Does the “Case of the Missing Money” sound like a popular mystery in your household? So often small purchases add up into bigger chunks of money that seem to disappear without an explanation.
There is a way to gain more control of your personal finances. With these 6 simple action points you can get a handle on your income and expenses, so that you can build your savings and prepare for unexpected emergencies or large purchases or even a recession.
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Where does all your money go? The truth is usually not that mysterious. You can discover it with a little discipline on your part—along with the help of a budget. Many people spend their money in small increments without realizing how it all adds up. By helping you track your income and expenses, a budget can help you gain control of your personal finances.
Creating and maintaining a budget is often more successful if it is a family affair. All adult family members should be involved in the process. Since children affect and are affected by the budget, they should be included as well. When they see that the family’s income is not unlimited it can help them understand why everything they want is not always theirs for the asking.
Each family requires a personalized budget tailored to its own particular needs. Here are some of the basic steps to follow:
To start, tally all your sources of income and spending for a few weeks or months. The easy way to do this is to get a receipt for all expenditures over $1.00. You can also refer to credit card statements, receipts, and check stubs.
Set up different categories for your expenditures. The two basic types of expenses are: 1) fixed—those over which you have no control, such as mortgage or rent, insurance, and utilities; and 2) discretionary—those over which you do have control, such as clothes, movies, sports events, and dining out.
When you begin to see how much money is coming in and how much is going out, it is time to set priorities. Is your objective to buy a house or a new car? Or, to save for your child’s college education or your retirement? Perhaps your top priority is to get out of debt.
Now that you have a handle on your current income and expenses and have established some priorities, you are ready to prepare a budget. Remember to keep it simple. The less complicated, the easier it will be to maintain. For instance, to estimate expenses such as tax bills or insurance premiums, simply calculate the annual expense and divide by 12. The budget process should give you a better sense of where you need to cut expenses. It may take several passes before you whittle them down to bring them in line with your income and your financial objectives.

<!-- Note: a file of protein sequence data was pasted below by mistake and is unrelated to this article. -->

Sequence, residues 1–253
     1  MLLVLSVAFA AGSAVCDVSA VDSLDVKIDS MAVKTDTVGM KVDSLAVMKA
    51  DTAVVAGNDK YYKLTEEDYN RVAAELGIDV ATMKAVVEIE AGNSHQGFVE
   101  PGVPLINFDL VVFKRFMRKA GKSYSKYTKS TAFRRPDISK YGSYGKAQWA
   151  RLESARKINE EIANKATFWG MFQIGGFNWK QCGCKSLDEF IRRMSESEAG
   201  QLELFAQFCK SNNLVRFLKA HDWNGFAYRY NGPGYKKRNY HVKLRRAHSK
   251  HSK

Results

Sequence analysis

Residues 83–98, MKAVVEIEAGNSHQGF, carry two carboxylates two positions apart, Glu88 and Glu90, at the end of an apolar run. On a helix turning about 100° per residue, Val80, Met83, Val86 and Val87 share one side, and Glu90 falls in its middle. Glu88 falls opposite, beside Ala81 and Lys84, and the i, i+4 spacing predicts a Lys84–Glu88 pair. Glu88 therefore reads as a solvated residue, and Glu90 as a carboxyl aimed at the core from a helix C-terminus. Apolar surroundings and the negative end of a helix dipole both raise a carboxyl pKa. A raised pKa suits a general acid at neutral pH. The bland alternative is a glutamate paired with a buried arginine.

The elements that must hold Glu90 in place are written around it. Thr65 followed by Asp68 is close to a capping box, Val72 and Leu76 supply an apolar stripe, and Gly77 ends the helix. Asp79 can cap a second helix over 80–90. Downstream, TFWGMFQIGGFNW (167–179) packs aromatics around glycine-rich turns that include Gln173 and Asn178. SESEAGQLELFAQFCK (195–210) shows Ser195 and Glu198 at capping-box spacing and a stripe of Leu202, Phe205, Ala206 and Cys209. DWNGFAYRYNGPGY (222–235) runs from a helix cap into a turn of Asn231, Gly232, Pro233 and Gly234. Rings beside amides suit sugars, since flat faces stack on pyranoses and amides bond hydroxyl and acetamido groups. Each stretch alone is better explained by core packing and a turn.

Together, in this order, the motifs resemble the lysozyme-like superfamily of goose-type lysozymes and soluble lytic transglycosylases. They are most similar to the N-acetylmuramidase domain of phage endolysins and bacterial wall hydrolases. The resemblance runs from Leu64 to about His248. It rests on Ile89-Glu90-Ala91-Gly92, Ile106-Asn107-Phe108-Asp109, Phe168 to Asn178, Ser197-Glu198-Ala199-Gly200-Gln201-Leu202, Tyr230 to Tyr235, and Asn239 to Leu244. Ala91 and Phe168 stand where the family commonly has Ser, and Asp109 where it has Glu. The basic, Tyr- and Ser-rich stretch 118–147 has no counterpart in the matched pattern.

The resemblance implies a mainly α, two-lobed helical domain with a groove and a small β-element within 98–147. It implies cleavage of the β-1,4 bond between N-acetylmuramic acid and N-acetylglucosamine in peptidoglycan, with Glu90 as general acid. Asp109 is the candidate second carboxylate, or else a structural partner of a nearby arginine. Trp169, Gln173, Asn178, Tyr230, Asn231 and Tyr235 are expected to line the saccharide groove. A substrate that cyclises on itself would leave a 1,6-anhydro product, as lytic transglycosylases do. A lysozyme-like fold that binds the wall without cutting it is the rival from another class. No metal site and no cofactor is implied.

Get in the habit of reviewing your budget at least monthly. A weekly review is even better. A budget must be consistently maintained in order to work.
Also, review your budget at the end of each year. By totaling what you spent and comparing it to what you had budgeted, you will see areas to work on for the coming year.
Once you have prepared a budget, there are still some important things to remember. First, don’t forget to set aside emergency savings in case of an unforeseen problem, such as a job loss, or an unexpected major expense. The general rule of thumb is that an emergency savings fund should cover three to six months’ worth of living expenses. To work best, savings should be set aside on a regular weekly or monthly basis. And second, keep a close watch on your credit card spending. Don’t let your credit cards run away with you. Due to the ease of using credit cards, many people end up buying things they don’t really need and that may end up costing them even more in finance charges if they don’t pay the bill on time.
Many families are always wondering where their money went. By making a budget part of your family’s financial routine, you could be well on your way to solving the all too familiar “Case of the Missing Money.”
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